At 2025 AEST the tired astronauts finally put blinds over the windows and curled up to rest. They both decided to sleep with their helmets and gloves on, hoping there would be less noise, they would be warmer, there was less chance of breathing lunar dust, and they would not have to find somewhere to stow them.
The later missions supplied hammocks for sleeping, but not for Apollo 11, so Aldrin lay on the floor with his feet up against the side, or bent his knees, as the cabin wasnt wide enough to stretch out. Armstrong sat on the cover of the ascent engine, leaned against the rear of the cabin, and suspended his legs through a loop of waist tether he had rigged up from a handhold. After he settled down Armstrong found there was an annoying pump gurgling somewhere near his head, and he could not avoid seeing the Earth glaring at him like a big blue and white eyeball through the Alignment Optical Telescope, so he had to get up and block the Earth light off. The window blinds did not block enough light out enough either.
After a rest period of 12 hours, both astronauts agreed they did not sleep very well. Apart from the emotional high from excitement of the day they became progressively colder, though they tried turning the suit water temperature up to maximum, then disconnecting the water flowing through their suits. Aldrin finally adjusted the temperature of the airflow through the suit and they felt better. The cabin temperature was steady at 16°C. Dr. Kenneth Biers at Houston said the data he received from Armstrong (they were not monitoring Aldrin) indicated that he may have slept fitfully and dozed, but stirred around quite a bit. Armstrong admitted he found it hard to unwind after the excitement of the day.
Bryan Sullivan in Computers remembers the end of his shift,
|HSK MISSION DAY 6||Tuesday 22 July 1969|
|LM Liftoff : 0354 AEST only Madrid tracking|
|Docking : 0735 AEST Goldstone and Madrid tracking|
|LM Jettison : 0957 AEST only Goldstone tracking|
|Final Lunar Orbits, TEI burn and TEC|
At 1213 USCDT on July 21 (0313 AEST 22 July) the LM astronauts were woken up by Ron Evans, the Houston Capcom with,
After 21 hours on the lunar surface, the two lunar explorers
prepared their ship for lift off. Ron Evans in Houston passed a message
up: Our guidance recommendation is PNGCS, and youre cleared
for take off.
Aldrin: Roger, understand, were No 1 on the runway.
Right on time at 1254 USCDT July 21 (0354 AEST 22 July), the rocket engine that had to fire, fired.
Pushed by the 1,587 kilogram thrust of the LM ascent engine for seven minutes, the tiny spacecraft shot up into the black lunar sky, picking up speed from 48 kilometres per hour after 10 seconds to 2,890 kilometres per hour. The astronauts heard no sounds but only felt the acceleration and a high frequency vibration through their feet. As the rockets exhaust gases shredded the gold foil insulation and sprayed the pieces around the landing place, Aldrin looked out of the window long enough to see their flag topple over in the blast from the rocket motor.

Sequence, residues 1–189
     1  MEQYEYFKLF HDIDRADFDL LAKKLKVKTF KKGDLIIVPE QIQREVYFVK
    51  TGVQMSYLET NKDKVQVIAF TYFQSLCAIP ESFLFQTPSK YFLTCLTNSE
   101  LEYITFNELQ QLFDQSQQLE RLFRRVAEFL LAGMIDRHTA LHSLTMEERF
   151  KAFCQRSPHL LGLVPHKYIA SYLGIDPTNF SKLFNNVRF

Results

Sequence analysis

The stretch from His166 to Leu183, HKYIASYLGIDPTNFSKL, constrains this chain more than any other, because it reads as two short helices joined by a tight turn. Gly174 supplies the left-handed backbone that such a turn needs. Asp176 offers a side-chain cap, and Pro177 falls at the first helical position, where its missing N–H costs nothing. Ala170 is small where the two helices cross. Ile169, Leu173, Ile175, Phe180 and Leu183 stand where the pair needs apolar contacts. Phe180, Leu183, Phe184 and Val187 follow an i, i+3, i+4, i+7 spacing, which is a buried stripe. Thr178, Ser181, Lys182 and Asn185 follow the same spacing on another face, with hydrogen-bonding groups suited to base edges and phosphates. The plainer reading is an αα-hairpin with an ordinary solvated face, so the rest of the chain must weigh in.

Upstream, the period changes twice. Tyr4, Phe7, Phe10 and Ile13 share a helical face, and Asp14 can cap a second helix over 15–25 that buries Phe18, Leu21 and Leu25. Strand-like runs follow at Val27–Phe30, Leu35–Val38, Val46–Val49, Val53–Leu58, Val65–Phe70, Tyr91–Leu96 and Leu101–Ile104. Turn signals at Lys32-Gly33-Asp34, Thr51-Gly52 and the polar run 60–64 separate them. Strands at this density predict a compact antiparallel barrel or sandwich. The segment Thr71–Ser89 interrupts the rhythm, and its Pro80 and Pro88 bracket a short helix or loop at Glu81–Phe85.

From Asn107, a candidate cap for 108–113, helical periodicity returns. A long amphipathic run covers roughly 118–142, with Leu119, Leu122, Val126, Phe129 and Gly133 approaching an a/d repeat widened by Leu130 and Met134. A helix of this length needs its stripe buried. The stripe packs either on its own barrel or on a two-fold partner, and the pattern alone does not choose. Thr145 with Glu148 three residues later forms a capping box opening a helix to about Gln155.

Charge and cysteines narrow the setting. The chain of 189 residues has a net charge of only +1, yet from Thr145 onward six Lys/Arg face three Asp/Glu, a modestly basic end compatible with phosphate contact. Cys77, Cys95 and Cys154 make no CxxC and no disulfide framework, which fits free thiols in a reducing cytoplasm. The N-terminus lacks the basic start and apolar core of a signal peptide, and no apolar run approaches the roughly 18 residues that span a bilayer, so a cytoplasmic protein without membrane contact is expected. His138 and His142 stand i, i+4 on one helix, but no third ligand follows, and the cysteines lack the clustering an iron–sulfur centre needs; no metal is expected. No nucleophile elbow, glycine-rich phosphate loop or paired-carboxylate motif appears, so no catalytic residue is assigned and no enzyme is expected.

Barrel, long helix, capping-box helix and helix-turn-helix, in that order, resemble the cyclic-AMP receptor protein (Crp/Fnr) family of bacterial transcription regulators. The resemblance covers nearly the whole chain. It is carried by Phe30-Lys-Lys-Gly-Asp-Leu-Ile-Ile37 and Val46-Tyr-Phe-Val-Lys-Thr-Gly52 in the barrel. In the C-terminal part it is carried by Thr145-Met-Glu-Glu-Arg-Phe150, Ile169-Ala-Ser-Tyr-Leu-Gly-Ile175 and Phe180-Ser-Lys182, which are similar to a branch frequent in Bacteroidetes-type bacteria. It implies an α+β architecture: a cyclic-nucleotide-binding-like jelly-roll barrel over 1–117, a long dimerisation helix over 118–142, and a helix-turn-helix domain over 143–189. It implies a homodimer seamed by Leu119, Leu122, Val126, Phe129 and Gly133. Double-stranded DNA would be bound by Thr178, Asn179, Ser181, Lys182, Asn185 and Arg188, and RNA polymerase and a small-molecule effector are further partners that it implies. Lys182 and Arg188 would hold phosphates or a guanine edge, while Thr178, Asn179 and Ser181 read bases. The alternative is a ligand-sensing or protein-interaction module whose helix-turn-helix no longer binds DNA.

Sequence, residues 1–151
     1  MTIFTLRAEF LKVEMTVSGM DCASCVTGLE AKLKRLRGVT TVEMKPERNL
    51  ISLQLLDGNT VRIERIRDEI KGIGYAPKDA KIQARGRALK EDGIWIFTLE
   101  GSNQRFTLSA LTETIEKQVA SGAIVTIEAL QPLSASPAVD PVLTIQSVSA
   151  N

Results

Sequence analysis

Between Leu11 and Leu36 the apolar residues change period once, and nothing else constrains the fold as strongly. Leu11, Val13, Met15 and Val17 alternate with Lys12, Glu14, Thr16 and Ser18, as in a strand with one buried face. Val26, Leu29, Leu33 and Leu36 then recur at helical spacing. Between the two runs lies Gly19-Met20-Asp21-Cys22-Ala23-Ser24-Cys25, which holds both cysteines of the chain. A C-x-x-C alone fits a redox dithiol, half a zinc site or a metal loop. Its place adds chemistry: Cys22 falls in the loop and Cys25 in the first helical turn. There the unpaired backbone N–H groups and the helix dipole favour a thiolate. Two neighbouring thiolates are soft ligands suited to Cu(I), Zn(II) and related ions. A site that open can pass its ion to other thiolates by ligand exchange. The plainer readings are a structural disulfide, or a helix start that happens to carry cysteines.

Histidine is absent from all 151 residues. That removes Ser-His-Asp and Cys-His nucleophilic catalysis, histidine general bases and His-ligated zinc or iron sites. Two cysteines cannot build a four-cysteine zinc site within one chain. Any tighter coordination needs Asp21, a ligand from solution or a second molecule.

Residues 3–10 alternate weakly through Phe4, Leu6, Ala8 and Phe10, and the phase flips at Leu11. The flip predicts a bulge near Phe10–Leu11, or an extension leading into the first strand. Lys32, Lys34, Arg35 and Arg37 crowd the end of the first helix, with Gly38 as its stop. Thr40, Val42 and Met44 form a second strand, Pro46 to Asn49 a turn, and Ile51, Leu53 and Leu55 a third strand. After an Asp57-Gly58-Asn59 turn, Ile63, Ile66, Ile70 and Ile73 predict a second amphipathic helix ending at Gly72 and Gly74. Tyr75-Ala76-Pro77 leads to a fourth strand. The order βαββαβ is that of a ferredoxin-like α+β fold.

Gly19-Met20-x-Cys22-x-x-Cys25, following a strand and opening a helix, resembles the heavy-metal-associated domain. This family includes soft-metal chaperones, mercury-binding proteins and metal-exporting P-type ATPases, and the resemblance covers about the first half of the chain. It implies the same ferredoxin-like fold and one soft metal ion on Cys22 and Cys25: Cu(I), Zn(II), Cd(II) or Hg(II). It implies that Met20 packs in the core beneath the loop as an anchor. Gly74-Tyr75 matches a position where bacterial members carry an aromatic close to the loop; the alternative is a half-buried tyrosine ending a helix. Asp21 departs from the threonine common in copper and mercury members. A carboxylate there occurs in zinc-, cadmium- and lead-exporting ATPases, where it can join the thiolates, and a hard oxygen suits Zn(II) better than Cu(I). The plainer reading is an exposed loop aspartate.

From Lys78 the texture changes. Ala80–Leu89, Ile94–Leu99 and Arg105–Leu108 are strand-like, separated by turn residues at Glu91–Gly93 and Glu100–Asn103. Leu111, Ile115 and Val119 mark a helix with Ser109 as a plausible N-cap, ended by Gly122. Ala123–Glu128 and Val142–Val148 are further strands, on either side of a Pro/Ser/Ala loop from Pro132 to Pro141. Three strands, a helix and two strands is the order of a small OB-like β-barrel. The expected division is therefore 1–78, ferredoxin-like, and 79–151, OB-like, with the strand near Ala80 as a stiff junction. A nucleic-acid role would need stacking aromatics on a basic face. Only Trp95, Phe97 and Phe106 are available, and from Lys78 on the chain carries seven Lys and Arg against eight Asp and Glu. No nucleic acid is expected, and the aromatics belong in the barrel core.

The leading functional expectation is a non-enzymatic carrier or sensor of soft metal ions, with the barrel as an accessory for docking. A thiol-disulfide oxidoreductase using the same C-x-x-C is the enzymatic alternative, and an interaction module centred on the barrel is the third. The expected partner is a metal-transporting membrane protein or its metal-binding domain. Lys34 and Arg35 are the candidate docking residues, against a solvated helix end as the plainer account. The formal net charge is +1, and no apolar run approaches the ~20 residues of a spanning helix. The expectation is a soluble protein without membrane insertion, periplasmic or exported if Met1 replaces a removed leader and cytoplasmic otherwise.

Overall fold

Only Madrid was tracking the LM as it soared up into the black lunar sky.
Seconds after liftoff, the LM pitched forward about 45 degrees, and though the astronauts had anticipated it would be abrupt and maybe even a frightening manoeuvre, the harnesses securing them cushioned the tilt enough to make it barely noticeable. Both astronauts were busy with their respective tasks, Aldrin working on the computer, and Armstrong keeping track of the flight and navigation.
With the ascent stage of the LM on its way home the two astronauts
now began to feel confident that Apollo 11 was really going to make it.
There had been no real surprises on the moons surface after all.
EAGLE RETURNS TO COLUMBIA
Up in the Command Module Collins was preparing to meet his companions with a book of 18 different procedures to rendezvous slung around his neck.
While Columbia kept a steady course 97 kilometres
above the lunar surface, Eagle climbed into a 75.6 kilometres orbit
and soon Collins had a radar lock on it, showing it to be 400 kilometres
behind. As the Earth waited for the two spacecraft to emerge from behind
the moon, it wasnt long before Collins could see a tiny blinking light
in the darkness, then as they passed over the landing site, Eagle
was only 24 kilometres below, and 80 kilometres behind. As they entered
into sunlight on the back side, Collins saw the blinking light slowly resolve
into the LM skimming over the crater scarred surface below, but looking
quite different now without the descent stage and its dangling legs. Armstrong
took up a position 15 metres from Columbia and kept station. The
rendezvous was over and for the first time the astronauts began to feel
they were going to bring this amazing stunt off. At Honeysuckle we were
beginning our SRT for the days track.
I got the Earth coming up... its
fantastic, shouted Collins
Photo courtesy of the Project Apollo Archive.
As they came around the rim of the Moon Houston was agog to know how things were going, but not wanting to interfere with the docking process: Eagle and Columbia, Houston standing by.
Roger, were station keeping, Armstrongs pithy response told Houston everything. All three astronauts steeled themselves for this critical moment docking the two spacecraft together again. The success of the mission; their return home; their lives, relied on switches, relays, mechanical latches, and valves all working faultlessly, complementing their own skills. The LMs docking probe gently entered the cone, and with a satisfyingly loud thud the twelve latches slammed home to lock Eagle and Columbia together again.